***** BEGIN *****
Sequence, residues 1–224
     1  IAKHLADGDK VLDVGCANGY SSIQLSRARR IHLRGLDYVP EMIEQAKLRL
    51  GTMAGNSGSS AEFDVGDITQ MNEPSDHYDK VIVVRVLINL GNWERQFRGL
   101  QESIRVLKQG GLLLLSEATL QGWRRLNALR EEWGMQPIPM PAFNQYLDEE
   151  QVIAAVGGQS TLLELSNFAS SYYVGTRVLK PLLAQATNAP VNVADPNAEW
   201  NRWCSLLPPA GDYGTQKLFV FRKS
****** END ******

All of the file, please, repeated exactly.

Sequence, residues 1–224
     1  IAKHLADGDK VLDVGCANGY SSIQLSRARR IHLRGLDYVP EMIEQAKLRL
    51  GTMAGNSGSS AEFDVGDITQ MNEPSDHYDK VIVVRVLINL GNWERQFRGL
   101  QESIRVLKQG GLLLLSEATL QGWRRLNALR EEWGMQPIPM PAFNQYLDEE
   151  QVIAAVGGQS TLLELSNFAS SYYVGTRVLK PLLAQATNAP VNVADPNAEW
   201  NRWCSLLPPA GDYGTQKLFV FRKS